Things went wrong, naturally. The wrong engine cover arrived late, for instance.  Then there was the matter of the floor.  Somehow, the floor wasn’t cut to the proper dimensions in the galley and it had to be redone.  The plane was going to be late for arrival at LaGuardia airport (I was surprised they didn’t redo the floor in-flight).


The plane arrived in New York. A fog was rolling in.  If they didn’t take off by 11:30 p.m., the plane would be grounded until morning and not only would Trump miss his “golf date”, he’d also miss the speech he was supposed to give later in the day in England.


However, it was the night of a political debate (a Democrat debate, I think). Trump didn’t want to miss a word of the televised broadcast and refused to leave Trump Tower before the debate was over.  He finally arrived, with only mere minutes to go before the midnight deadline.  No one dared to tell Trump to “hurry up.”  I wonder what he would have done if the plane had been grounded.  Go to the air traffic control tower and pay them off?  Or order them to let his plane take off?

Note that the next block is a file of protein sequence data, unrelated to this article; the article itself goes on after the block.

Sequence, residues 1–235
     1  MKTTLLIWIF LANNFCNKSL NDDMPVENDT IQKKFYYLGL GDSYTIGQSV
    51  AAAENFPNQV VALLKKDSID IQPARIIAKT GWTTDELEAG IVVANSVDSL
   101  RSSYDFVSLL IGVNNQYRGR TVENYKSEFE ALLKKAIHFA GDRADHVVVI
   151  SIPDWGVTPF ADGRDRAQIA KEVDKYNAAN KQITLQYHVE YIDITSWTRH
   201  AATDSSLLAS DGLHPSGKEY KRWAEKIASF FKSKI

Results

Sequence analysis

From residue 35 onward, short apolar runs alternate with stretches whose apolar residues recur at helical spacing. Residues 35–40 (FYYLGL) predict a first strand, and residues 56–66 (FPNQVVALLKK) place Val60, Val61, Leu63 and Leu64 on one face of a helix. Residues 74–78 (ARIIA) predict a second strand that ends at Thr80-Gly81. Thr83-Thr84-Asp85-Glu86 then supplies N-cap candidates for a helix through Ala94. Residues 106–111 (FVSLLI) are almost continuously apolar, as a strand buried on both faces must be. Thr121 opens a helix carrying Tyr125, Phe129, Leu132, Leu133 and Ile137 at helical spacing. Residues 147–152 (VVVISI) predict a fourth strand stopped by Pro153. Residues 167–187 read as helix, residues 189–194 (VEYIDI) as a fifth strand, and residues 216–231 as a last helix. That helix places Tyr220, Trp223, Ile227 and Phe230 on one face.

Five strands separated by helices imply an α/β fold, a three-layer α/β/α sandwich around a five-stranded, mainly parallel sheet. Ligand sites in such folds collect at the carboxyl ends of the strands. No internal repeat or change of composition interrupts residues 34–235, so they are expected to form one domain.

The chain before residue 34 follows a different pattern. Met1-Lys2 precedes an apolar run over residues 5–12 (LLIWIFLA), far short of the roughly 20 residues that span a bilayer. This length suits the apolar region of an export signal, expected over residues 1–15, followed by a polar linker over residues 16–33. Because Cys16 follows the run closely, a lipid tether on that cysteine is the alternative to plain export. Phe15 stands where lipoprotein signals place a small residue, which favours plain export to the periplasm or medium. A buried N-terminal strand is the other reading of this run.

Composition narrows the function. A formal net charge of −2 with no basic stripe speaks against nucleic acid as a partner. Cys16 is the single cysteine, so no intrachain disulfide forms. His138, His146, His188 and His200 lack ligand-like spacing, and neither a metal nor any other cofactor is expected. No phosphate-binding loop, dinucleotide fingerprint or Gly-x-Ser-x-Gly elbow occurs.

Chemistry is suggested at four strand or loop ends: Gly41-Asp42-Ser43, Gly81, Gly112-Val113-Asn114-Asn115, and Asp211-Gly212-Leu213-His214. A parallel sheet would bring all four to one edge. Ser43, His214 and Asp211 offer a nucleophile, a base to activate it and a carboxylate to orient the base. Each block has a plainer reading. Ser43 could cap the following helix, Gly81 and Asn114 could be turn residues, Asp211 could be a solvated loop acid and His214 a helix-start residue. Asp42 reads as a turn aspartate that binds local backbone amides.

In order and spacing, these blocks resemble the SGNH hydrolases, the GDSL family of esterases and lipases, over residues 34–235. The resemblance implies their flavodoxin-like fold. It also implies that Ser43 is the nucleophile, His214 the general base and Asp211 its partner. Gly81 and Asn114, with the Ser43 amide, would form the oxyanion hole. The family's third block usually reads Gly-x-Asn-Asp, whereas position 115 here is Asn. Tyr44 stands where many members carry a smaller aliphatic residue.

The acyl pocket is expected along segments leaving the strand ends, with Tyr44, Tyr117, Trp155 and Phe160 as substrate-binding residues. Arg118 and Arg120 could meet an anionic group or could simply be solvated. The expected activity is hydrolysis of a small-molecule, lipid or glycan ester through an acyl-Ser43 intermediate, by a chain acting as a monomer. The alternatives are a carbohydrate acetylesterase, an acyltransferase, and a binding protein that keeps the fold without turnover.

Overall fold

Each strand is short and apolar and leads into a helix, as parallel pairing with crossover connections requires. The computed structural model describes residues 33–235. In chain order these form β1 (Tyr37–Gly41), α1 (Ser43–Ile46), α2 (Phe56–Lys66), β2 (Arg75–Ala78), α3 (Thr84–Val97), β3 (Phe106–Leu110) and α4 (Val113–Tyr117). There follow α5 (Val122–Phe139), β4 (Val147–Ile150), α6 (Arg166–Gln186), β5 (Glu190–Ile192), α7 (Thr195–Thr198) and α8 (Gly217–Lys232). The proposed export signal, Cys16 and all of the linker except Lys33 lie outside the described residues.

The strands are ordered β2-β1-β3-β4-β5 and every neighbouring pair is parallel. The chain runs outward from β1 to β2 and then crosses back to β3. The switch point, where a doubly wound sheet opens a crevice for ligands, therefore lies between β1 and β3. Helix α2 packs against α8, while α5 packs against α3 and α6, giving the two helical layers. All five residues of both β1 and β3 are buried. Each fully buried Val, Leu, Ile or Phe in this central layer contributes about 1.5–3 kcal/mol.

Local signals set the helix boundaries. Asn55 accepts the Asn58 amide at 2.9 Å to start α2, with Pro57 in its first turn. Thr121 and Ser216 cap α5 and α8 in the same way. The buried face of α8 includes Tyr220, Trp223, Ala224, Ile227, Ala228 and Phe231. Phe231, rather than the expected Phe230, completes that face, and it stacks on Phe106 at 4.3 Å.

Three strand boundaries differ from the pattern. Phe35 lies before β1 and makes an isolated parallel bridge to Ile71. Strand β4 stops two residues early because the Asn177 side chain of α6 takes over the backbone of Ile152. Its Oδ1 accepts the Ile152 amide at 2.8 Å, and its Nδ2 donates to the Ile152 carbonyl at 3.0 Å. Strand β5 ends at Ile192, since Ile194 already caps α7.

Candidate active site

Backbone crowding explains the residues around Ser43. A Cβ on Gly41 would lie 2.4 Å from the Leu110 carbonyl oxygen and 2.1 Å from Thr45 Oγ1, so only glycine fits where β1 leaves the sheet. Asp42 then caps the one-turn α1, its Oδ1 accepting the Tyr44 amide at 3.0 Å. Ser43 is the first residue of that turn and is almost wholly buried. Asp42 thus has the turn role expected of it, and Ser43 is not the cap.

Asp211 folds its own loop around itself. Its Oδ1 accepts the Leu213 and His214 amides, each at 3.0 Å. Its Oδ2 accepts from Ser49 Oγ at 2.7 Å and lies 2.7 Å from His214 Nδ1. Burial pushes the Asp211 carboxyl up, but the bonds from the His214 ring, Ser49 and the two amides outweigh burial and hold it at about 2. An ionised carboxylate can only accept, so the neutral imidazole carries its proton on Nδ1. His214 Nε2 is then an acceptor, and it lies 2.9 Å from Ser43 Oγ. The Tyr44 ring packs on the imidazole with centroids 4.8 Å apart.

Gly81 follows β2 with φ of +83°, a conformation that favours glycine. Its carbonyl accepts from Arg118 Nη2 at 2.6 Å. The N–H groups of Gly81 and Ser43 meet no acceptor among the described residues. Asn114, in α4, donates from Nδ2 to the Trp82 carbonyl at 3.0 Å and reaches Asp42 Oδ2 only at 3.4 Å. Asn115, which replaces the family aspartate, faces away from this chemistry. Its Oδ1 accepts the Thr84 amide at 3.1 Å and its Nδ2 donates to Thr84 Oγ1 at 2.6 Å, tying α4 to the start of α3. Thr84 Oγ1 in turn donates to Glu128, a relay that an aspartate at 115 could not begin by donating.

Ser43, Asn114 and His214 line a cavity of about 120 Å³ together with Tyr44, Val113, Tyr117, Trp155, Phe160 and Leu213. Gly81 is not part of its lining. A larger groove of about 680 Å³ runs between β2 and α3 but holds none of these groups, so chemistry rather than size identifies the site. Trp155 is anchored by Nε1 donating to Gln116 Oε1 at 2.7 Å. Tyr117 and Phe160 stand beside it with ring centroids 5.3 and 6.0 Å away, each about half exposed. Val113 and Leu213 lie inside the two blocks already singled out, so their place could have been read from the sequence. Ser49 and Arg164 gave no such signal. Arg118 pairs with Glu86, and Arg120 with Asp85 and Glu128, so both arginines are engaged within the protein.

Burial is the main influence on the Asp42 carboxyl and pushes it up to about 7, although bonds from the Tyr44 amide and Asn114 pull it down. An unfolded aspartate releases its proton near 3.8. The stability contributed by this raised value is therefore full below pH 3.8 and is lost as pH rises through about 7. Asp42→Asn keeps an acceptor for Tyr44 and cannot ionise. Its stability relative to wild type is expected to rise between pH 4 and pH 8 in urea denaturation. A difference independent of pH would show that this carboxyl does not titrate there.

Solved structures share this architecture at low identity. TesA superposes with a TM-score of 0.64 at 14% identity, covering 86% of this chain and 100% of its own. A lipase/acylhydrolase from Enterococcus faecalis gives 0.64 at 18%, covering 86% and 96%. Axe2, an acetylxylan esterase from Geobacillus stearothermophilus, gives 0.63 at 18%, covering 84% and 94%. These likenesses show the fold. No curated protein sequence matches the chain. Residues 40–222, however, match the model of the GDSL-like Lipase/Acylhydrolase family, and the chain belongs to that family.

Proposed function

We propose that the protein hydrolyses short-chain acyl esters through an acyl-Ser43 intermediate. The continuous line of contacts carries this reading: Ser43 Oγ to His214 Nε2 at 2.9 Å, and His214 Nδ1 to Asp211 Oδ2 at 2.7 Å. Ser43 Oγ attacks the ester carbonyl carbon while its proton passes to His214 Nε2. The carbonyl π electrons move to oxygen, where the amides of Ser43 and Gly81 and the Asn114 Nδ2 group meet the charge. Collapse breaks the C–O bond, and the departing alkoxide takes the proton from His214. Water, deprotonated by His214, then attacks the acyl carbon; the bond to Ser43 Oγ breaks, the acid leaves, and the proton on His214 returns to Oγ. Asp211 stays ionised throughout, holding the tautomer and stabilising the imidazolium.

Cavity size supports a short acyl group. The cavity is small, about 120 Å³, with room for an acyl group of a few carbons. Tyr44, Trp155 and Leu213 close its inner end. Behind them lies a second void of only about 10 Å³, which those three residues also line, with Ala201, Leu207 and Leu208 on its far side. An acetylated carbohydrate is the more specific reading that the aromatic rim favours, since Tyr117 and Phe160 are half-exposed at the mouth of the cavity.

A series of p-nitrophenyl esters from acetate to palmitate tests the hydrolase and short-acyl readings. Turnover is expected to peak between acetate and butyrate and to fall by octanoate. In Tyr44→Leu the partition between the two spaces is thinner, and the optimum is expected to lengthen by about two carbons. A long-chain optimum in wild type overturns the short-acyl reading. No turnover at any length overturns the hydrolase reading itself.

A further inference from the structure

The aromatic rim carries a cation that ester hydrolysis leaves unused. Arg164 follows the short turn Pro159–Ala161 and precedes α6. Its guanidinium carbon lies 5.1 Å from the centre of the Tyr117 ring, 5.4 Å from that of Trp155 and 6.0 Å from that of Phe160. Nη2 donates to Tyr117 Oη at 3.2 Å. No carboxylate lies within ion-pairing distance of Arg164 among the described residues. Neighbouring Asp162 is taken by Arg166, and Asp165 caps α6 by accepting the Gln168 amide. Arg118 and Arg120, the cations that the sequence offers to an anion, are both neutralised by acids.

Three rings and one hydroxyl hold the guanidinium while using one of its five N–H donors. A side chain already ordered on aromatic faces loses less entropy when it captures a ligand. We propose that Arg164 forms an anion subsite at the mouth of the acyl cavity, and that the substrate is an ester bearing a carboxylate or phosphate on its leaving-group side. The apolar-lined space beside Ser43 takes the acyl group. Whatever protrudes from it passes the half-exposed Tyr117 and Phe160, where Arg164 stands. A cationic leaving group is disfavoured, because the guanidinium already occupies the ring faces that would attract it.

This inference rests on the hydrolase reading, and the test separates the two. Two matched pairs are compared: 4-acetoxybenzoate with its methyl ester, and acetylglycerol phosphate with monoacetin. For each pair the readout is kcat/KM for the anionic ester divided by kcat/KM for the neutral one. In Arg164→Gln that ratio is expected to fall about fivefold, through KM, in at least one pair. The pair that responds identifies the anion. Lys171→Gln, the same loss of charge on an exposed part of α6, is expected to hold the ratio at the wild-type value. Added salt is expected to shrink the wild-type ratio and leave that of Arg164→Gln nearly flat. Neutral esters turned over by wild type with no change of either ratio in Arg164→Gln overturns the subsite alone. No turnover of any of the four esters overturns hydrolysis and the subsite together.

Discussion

A man used to playing by and making his own rules presents a problematic candidate for President of the United States. When he says he will absolutely stop any Syrian refugees from entering the country, you want to cheer.  When he vows to build a bigger, better border wall across the southern border, you sight with relief.  It’s about time someone took matters in hand.


But will happen to those who disagree with him on such issues as gay marriage or abortion? Will he have pastors who refuse to marry gay “couples” arrested?  Will climate change “deniers” join them in jail?  And what about regionalism?